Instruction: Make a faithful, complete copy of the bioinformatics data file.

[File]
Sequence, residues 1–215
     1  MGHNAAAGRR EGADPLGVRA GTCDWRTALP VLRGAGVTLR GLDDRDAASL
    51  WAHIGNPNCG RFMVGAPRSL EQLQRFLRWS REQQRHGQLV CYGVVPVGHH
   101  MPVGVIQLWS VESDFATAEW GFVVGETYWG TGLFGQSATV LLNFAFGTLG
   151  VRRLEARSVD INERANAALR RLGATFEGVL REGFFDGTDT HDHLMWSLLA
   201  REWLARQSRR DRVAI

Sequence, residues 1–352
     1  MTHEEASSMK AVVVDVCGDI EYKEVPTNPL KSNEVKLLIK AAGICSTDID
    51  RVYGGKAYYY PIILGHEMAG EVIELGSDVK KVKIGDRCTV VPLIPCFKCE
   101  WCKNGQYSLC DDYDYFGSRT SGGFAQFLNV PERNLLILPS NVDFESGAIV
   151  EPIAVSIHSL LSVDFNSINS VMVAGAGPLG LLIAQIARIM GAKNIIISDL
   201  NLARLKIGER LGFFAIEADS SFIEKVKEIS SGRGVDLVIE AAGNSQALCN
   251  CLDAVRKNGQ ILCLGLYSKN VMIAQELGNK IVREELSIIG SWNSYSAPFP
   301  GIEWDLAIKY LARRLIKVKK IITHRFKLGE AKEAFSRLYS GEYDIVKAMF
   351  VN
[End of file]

Sequence, residues 1–215
     1  MGHNAAAGRR EGADPLGVRA GTCDWRTALP VLRGAGVTLR GLDDRDAASL
    51  WAHIGNPNCG RFMVGAPRSL EQLQRFLRWS REQQRHGQLV CYGVVPVGHH
   101  MPVGVIQLWS VESDFATAEW GFVVGETYWG TGLFGQSATV LLNFAFGTLG
   151  VRRLEARSVD INERANAALR RLGATFEGVL REGFFDGTDT HDHLMWSLLA
   201  REWLARQSRR DRVAI

Sequence, residues 1–352
     1  MTHEEASSMK AVVVDVCGDI EYKEVPTNPL KSNEVKLLIK AAGICSTDID
    51  RVYGGKAYYY PIILGHEMAG EVIELGSDVK KVKIGDRCTV VPLIPCFKCE
   101  WCKNGQYSLC DDYDYFGSRT SGGFAQFLNV PERNLLILPS NVDFESGAIV
   151  EPIAVSIHSL LSVDFNSINS VMVAGAGPLG LLIAQIARIM GAKNIIISDL
   201  NLARLKIGER LGFFAIEADS SFIEKVKEIS SGRGVDLVIE AAGNSQALCN
   251  CLDAVRKNGQ ILCLGLYSKN VMIAQELGNK IVREELSIIG SWNSYSAPFP
   301  GIEWDLAIKY LARRLIKVKK IITHRFKLGE AKEAFSRLYS GEYDIVKAMF
   351  VN